In the 1950s, President Dwight D. Eisenhower championed a program to construct a nationwide network of highways to connect the nation. As a young soldier he had personally experienced the poor condition of American roads, and had seen first-hand on German autobahns how important a system of modern roads was for national defense purposes. The interstate highway system was born.
In 2008, we are in a similar position. European cities have some of the world’s best public transportation systems while Americans struggle with mediocre public transit and traffic congestion. Experts agree both our national security and solving global climate change depends on bold shifts away from oil consumption.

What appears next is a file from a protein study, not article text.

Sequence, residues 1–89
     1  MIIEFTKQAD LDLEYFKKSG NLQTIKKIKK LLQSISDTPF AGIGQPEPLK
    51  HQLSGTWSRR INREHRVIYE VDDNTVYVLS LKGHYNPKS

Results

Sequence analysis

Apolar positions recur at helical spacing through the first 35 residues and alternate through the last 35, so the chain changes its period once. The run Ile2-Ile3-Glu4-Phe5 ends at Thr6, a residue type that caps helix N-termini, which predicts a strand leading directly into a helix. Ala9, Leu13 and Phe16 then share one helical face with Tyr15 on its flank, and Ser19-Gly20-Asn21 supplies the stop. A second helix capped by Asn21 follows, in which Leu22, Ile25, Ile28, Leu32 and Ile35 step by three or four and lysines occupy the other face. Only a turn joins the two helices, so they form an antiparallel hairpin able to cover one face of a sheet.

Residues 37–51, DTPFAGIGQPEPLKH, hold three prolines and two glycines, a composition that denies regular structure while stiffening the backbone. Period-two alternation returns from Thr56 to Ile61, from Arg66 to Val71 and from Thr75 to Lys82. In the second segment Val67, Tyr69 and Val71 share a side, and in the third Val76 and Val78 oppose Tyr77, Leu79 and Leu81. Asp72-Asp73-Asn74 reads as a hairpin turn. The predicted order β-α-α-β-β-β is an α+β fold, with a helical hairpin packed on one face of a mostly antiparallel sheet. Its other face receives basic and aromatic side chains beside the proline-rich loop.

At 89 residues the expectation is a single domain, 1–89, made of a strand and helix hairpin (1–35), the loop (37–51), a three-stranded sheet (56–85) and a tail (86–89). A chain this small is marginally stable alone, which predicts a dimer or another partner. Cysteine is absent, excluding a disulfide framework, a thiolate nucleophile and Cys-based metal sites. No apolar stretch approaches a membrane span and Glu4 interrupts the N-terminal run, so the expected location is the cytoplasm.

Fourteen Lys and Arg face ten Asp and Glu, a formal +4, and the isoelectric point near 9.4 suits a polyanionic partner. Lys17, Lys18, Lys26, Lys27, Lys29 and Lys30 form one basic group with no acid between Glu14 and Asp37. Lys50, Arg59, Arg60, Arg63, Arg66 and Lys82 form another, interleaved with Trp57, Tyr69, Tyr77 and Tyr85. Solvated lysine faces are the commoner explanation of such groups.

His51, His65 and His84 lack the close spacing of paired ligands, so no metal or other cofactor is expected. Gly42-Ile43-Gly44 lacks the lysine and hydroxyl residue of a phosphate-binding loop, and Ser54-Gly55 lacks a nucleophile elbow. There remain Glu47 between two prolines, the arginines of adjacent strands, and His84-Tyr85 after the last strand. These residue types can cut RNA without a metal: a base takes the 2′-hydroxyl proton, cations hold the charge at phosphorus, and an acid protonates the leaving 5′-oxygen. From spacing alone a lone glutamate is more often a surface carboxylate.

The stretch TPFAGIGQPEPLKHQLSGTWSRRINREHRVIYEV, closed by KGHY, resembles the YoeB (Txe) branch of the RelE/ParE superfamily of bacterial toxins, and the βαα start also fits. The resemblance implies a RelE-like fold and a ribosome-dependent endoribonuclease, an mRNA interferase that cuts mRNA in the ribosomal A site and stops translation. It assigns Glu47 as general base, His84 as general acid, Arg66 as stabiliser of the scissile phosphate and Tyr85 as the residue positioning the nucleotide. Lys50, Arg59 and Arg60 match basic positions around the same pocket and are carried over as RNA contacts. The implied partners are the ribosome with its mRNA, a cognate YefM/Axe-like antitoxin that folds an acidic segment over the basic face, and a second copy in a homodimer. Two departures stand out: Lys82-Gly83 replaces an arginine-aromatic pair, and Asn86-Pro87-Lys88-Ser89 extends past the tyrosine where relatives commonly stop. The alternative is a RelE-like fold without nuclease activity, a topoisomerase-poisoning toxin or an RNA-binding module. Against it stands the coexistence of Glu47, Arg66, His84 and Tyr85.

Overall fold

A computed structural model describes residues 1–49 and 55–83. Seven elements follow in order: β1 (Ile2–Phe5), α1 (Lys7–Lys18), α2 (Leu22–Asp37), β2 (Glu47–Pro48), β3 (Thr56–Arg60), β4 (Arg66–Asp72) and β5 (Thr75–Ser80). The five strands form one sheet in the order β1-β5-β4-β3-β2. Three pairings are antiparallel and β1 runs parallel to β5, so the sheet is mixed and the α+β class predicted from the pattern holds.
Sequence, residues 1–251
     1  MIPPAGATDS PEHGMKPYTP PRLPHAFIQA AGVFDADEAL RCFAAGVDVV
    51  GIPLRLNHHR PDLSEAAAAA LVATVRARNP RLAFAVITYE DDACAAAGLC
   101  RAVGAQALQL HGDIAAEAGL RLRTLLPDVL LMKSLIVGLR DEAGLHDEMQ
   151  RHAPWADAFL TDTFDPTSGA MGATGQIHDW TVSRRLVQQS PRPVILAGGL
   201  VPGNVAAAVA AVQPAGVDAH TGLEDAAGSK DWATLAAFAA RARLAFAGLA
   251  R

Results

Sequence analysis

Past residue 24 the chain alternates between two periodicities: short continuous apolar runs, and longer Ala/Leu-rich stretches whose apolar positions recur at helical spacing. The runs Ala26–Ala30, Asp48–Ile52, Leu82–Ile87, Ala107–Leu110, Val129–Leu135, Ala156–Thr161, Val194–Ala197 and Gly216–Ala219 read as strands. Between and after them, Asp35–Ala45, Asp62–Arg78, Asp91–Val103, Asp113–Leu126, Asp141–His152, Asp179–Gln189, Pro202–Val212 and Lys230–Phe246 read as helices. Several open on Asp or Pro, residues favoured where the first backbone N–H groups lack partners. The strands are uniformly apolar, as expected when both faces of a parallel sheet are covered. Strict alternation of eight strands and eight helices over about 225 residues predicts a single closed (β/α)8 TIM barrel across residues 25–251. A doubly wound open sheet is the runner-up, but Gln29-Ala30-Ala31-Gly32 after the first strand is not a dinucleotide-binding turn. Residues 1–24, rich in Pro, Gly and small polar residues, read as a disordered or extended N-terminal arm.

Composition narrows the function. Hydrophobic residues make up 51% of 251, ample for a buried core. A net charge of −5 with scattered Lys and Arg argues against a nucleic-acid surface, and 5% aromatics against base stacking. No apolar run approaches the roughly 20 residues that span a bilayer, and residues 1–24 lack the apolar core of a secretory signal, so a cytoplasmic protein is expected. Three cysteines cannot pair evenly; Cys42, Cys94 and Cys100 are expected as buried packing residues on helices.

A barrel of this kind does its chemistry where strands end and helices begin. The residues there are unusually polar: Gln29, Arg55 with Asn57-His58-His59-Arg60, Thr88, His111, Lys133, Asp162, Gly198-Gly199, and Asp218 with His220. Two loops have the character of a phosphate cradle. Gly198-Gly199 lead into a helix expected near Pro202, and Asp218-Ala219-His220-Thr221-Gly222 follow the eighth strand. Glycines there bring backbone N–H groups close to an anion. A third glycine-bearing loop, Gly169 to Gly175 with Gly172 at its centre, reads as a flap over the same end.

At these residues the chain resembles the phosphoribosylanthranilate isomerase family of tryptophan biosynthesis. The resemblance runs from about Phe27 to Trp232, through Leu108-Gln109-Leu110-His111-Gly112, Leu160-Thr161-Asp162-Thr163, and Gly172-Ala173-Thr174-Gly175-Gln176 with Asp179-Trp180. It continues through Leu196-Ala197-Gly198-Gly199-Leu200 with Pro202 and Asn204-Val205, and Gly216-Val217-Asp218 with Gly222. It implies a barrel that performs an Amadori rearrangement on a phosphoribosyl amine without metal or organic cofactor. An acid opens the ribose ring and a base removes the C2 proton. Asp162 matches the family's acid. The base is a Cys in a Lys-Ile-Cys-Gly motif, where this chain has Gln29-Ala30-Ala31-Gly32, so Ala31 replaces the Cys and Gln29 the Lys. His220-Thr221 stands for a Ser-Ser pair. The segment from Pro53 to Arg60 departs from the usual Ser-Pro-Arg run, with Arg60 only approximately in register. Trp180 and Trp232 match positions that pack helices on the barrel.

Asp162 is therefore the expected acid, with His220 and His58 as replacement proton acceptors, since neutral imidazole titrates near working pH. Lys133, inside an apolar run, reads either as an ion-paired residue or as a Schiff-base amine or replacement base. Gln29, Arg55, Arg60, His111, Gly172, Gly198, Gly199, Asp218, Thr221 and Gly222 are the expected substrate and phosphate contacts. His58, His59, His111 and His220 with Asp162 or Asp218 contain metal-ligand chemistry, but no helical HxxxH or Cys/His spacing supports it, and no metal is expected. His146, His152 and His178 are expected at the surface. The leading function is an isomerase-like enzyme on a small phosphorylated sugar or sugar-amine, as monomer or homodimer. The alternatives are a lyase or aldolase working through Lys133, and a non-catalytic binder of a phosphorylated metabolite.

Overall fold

Will the next president step up to the challenge? That idea was suggested to me last night by David from Greater Greater Washington. Perhaps Barack Obama will cite personal experience riding Chicago’s struggling transit, or Hillary Clinton will describe New York City’s overcrowded subway, as they sign historic laws creating world-class transit systems in every American city. Perhaps John McCain, who voted against the last transportation bill because of its excessive earmarks, will sign a performance-based transportation bill to create energy-efficient transit systems nationwide for our national defense.